In my years of working with Uncle Bob Martin, I heard him continually tell customers and students that software development is not a fabrication operation, but a design operation. Once the initial design is done, all the duplication is done by machines at nearly zero cost.

So what programmers and testers and POs and Scrum Masters and software management area all doing (if they're doing it right) is designing the data model that will later be used by the factory to create copies for use by customers, patrons, and other people in the community the software is intended to serve. 

Yet the mechanistic, Industrial-Age idea of software development as a factory persists, and developers dutifully try to make it look like they're doing physical labor at the detriment of the process. 

All intellectual activities are hard to observe and monitor. An idea that is 80% complete has no physical manifestation. It's an idea, and it's not done yet. Sometimes we have experiments or proof-of-concept code or notes, but they don't give an accurate "% complete" number as does physical work.

A chair being manufactured looks about 50% done at the 50% mark.  When it's done, it looks done.

A design for a chair may not exist on paper until it is more than 70% complete. And we don't know that it's really 70% done, because it's not finished being designed yet.

The Answer: Really?

I have asked this question at conventions, client companies, to my peers, to colleagues, and to strangers I have met for the first time when I find out they are programmers.

The answer I receive most often is "about half an hour."

I could use the 8-hour day, ignoring meetings and interruptions and status reports, but that feels like padding the answer. I stick to the six hours doing things that programmers identify as programming work.

There are twelve half-hours in six hours. One half-hour to retype all the changes made in six hours of hard programming work.

What in the world can that mean? How can it be so little?

The Meaning Behind the Answer

Right now I suspect a bunch of managers are about to go yell at their programmers for putting in a half-hour's work in an 8-hour day! That would be a horrible misunderstanding of what was actually happening.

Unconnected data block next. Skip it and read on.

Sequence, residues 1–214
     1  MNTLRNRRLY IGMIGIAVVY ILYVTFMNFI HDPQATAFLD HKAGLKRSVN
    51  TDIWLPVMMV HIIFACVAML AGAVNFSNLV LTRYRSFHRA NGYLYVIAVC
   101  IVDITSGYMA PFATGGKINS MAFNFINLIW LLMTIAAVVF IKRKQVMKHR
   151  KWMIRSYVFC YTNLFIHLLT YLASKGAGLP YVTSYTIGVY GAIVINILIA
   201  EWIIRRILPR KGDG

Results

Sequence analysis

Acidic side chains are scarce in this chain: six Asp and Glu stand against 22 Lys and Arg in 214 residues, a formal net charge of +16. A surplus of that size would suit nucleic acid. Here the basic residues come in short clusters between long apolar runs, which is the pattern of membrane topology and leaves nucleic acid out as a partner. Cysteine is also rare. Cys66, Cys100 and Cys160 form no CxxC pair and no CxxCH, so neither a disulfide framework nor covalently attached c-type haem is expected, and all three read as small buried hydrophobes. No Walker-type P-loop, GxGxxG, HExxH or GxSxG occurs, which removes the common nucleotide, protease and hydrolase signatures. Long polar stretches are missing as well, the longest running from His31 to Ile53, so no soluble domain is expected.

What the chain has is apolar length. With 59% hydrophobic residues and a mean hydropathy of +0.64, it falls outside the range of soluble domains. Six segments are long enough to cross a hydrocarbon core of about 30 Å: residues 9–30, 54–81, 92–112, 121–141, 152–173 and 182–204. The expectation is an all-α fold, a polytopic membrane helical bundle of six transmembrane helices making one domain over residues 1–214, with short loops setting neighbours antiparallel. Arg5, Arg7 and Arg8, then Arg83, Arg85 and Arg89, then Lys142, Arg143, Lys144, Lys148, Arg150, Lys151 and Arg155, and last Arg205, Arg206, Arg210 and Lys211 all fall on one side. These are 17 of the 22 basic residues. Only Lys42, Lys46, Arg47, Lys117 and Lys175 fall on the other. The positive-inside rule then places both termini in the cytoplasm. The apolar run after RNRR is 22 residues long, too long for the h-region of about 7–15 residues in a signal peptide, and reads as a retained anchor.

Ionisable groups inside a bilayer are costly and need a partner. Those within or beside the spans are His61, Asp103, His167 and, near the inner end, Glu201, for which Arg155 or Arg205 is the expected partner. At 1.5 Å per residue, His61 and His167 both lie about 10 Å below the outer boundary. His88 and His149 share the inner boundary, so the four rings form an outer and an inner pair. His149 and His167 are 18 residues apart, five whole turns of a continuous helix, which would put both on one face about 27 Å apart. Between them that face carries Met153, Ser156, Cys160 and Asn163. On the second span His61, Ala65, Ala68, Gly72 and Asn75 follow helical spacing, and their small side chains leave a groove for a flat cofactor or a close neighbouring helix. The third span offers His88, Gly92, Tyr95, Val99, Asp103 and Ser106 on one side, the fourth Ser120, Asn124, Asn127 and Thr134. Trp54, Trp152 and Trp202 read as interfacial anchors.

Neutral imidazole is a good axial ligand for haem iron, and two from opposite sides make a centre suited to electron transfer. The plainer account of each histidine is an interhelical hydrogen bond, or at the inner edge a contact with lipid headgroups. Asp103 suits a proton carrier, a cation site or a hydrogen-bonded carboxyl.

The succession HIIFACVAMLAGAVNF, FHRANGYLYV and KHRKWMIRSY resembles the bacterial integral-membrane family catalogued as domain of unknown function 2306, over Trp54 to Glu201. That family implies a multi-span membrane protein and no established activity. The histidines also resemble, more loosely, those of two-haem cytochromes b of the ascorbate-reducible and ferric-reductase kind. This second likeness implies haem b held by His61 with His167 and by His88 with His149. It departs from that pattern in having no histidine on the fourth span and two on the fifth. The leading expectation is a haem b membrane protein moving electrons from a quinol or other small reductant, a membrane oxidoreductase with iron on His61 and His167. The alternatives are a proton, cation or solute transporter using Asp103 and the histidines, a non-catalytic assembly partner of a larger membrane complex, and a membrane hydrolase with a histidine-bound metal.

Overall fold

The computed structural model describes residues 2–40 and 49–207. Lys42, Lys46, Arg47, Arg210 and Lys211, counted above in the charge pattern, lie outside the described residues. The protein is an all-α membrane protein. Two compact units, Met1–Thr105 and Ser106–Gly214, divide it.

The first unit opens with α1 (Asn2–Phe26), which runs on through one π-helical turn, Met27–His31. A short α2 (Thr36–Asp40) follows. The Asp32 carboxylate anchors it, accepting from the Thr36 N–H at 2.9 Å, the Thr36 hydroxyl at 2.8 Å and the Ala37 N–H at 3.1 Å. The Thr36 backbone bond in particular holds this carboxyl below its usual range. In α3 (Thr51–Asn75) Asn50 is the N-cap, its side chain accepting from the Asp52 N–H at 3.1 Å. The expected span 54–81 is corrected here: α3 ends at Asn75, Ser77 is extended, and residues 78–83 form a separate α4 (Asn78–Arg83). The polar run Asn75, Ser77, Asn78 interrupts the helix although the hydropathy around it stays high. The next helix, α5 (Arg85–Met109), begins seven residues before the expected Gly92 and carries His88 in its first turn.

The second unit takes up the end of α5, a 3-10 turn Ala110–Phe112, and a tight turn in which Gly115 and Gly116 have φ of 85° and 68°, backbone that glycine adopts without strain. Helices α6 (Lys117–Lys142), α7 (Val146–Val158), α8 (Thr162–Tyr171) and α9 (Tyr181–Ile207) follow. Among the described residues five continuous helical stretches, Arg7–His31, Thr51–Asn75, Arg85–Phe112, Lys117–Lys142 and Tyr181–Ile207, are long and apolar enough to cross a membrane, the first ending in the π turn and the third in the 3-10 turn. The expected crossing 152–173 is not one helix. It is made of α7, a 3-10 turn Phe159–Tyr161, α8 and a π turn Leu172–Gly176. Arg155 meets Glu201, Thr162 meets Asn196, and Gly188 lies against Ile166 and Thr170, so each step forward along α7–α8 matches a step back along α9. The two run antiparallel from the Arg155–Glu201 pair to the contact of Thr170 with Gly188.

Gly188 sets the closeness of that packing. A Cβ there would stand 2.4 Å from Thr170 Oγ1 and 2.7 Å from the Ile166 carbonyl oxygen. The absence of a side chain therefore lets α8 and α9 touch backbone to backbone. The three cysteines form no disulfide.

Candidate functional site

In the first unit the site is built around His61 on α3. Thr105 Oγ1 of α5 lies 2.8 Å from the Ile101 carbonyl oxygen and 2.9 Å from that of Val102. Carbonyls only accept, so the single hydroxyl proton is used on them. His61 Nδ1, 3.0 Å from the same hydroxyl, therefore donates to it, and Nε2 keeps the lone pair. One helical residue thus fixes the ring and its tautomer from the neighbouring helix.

What is really happening?
  • Programmers were typing on and off all day. Those 30 minutes are to recreate the net result of all the work they wrote, un-wrote, edited, and reworked through the day. It is not all the effort they put in, it is only the residue of the effort.
  • Programmers are avoiding defects as best they can. In order to do that, they have to be continuously evaluating the code as they write it, hypothesizing the kinds of defects or security vulnerabilities they might be introducing. After all, they receive their harshest criticism for introducing defects into the shared code base. 
  • Programming is a kind of lossy compression. The code only says what the program must do when it is running. Why a programmer chose one particular way over others, how it influences the rest of the system, what errors were introduced and removed, and what pitfalls it avoids are not (generally) present in the text of the program.
  • Most of the work is not in making the change, but in deciding how to make the change. Deciding requires us to understand the code that already exists. This is especially time-consuming when the code is messy or the design is not very obvious in the source code. 
  • Programmers work in a social context since all their results are integrated into a shared code base (and most use pair programming or other "many eyes" techniques). Programmers may be helping other programmers or testers or operations people get a handle on their work. Connecting and communicating with others has benefits and costs that don't appear in the code. 

Six hours of intellectual work (reading, researching, deciding, confirming, validating, verifying) translates to about 30 minutes worth of net lines-of-code change to a code base.